Minister of Economic Affairs and Empowerment, Innovation, Trade, Industry and Commerce, Dr. David Estwick (FP)

Minister of Economic Affairs and Empowerment, Innovation, Trade, Industry and Commerce, Dr. David Estwick, has sought to set the record straight on government’s borrowing of monies from Trinidad and on the international market.

This comes in response to a story carried in the Monday, October 5, edition of the Daily Nation, which quoted him as saying that the loan from Trinidad was for capital works such as the upgrading of the Barbados National Standards Institution (BNSI). ??Dr. Estwick pointed out that the BDS $150 million loan was not for the BNSI’s upgrade, but to execute a number of important capital works programme on a continuous basis.?? These include a coastal improvement project and a Barbados Water Authority mains laying programme.

He also explained that the road works programme, which forms part of government’s stimulus package, would provide employment opportunities for Barbadians and local construction companies.

Given the current economic situation globally, Dr. Estwick noted that government had also secured a US$120 million loan from Scotia Bank and Trust to "shore up the balance of payments of the country, so that we would have enough foreign reserves if the economic crisis prolongs".

In addition, the Minister said government had successfully negotiated another US$150 million loan from the World Bank to provide additional support to the balance of payments, if needed.

He added: "Given that there are no predictions as to when the recession will come to an end, we [government] thought it necessary to add additional security, by negotiating with the Inter-American Development Bank to become part of its sustainable liquidity programme.?? Thus, those funds would become part of a safety-net, if we need it.?? Additionally, as a member of the International Monetary Fund, we have access to a special deposit reserves to the tune of US $80 million, which can be drawn down."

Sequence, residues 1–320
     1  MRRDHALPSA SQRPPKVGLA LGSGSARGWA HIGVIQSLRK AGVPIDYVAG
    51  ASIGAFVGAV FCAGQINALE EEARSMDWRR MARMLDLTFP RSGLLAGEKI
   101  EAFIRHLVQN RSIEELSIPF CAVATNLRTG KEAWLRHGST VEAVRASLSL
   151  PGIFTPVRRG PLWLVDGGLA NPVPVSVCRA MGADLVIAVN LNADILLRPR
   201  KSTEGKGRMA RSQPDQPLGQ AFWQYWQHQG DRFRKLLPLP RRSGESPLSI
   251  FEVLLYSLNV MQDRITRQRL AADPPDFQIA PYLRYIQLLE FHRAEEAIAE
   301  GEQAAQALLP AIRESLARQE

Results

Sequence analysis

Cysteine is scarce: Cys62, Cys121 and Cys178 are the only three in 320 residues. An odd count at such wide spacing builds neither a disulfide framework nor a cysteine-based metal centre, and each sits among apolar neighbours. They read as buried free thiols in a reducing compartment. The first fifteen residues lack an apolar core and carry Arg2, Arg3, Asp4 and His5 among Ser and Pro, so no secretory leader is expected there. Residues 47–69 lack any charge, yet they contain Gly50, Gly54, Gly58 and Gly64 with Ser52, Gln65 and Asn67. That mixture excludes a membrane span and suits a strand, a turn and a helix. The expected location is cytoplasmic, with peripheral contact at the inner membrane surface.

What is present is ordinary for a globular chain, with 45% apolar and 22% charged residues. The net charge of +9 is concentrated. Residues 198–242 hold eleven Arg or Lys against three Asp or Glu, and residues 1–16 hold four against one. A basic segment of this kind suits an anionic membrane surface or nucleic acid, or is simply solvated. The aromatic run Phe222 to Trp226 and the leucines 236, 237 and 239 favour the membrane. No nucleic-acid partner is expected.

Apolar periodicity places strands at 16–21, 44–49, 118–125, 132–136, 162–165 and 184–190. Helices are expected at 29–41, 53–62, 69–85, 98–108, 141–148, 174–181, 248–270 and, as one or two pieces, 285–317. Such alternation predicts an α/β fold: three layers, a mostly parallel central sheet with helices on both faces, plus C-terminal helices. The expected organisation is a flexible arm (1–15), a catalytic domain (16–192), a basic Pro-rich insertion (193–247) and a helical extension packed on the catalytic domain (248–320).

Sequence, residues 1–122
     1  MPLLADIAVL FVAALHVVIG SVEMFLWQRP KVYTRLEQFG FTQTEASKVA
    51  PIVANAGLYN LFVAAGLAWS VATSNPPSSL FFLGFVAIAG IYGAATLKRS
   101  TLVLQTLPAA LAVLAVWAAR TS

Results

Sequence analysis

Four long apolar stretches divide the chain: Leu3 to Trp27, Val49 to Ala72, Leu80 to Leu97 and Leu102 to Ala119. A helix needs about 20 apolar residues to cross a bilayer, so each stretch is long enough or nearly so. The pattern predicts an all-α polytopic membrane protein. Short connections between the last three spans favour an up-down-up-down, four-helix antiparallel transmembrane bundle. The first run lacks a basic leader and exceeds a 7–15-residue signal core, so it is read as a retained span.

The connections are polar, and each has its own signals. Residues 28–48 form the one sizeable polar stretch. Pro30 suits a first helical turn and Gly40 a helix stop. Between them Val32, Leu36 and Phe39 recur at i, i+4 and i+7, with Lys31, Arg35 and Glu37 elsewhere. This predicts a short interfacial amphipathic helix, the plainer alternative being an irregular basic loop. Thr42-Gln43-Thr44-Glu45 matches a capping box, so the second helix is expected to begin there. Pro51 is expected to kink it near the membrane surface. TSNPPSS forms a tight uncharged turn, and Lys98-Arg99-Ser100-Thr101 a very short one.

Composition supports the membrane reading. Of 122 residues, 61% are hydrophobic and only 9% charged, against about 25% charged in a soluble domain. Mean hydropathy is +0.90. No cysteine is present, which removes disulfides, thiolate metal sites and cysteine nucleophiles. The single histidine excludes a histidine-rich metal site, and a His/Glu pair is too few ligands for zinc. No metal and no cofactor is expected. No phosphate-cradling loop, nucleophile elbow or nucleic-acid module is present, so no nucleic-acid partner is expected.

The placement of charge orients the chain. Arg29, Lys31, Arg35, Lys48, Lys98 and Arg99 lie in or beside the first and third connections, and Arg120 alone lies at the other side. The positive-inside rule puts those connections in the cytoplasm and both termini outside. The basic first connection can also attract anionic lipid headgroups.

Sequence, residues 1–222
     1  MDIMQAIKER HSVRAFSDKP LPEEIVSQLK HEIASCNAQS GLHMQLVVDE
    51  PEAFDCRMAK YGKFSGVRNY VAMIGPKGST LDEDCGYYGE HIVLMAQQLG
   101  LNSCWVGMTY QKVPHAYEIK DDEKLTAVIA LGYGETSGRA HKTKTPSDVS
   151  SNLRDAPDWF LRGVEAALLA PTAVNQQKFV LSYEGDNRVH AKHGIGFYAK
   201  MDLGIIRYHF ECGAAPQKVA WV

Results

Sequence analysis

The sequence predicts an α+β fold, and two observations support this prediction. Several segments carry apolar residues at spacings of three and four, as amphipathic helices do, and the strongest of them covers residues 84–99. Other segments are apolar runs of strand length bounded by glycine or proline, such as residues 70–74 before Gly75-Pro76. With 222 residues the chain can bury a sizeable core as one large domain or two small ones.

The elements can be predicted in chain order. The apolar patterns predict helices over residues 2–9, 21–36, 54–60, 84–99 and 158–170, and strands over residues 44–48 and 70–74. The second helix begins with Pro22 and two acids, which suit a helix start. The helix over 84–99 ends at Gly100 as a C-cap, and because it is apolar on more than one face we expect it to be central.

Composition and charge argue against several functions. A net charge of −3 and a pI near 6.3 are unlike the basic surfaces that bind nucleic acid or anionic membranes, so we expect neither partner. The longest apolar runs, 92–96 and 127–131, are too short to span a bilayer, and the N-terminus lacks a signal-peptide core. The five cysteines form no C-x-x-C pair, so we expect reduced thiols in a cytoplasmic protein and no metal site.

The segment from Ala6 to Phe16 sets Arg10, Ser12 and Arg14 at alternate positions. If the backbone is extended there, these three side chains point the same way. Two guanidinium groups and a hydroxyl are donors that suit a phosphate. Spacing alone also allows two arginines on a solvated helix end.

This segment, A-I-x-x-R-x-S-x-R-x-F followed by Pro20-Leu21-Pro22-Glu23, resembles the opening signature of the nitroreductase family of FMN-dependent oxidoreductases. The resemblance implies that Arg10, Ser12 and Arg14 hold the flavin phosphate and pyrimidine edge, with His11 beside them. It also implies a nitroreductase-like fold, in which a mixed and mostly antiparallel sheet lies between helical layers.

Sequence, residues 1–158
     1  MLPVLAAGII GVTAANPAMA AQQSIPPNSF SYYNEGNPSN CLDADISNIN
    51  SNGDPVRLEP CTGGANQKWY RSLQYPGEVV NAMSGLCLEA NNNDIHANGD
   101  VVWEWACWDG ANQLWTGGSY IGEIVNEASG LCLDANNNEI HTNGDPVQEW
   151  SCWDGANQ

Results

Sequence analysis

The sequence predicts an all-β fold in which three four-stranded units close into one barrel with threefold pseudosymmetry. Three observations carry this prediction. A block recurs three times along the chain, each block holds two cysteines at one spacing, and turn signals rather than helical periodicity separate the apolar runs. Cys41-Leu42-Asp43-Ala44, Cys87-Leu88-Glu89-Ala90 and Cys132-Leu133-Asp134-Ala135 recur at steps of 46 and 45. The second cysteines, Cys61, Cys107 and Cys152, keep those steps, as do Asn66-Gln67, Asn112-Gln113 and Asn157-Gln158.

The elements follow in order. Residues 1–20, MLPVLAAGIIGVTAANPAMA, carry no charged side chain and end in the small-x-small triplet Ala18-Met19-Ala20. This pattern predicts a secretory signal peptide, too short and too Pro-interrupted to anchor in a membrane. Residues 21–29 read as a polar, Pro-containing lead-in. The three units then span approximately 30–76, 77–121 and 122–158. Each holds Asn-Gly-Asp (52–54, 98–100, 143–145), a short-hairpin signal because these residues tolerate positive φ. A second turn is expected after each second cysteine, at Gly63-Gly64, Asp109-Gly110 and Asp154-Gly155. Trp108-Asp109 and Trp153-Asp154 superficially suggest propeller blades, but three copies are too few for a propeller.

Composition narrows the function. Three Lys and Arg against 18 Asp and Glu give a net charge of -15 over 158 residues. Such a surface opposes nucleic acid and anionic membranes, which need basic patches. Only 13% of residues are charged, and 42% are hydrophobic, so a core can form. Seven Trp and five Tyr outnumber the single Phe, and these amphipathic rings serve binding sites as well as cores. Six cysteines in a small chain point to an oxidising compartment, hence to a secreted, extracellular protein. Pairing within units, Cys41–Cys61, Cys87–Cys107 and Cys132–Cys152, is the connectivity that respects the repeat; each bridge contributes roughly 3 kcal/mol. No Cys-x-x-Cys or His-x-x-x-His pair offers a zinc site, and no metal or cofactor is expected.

Dr. Estwick further stated: "These are measures designed to protect our balance of payments and to maintain our net foreign reserves if the economic crisis is protracted past 2010."

He also mentioned initiatives under the short and medium term action plan, formulated by a Special Working Group on the Economy, to outline a "road map for the development and implementation of several policy initiatives to stabilise the economy".

Among the proposals to be undertaken by government are measures to improve the level of competitiveness and to maximise the opportunities which may emerge from the crisis; the provision of resources to assist the productive sectors in riding out the current period; and the allocation of a fiscal stimulus to sustain economic activity and sustain jobs.

Dr. Estwick noted that the Central Bank had reduced its benchmark minimum deposit rate on three occasions which, would not only ease the cost of borrowing for business, but also reduce the risk of credit default in the event of reduced cash flow.

Since August, this year, minimum interest paid on deposits was reduced by 1.5 per cent per annum and now stands at 2.5 per cent.?? Additionally, there was a reduction in the cost of borrowing last year from 12 per cent to the present rate of 7 per cent.

The Central Bank has also expanded the range of entities that are eligible for credit guarantees under the Small Business Guarantee Scheme, to include medium-sized companies with capital of BDS $2 million and gross revenue of BDS $4 million in the tourism and manufacturing sectors. Hotels with between 15 to 50 rooms now have access to short-term loans of up to $150 000 and $300 000 over the medium-term.

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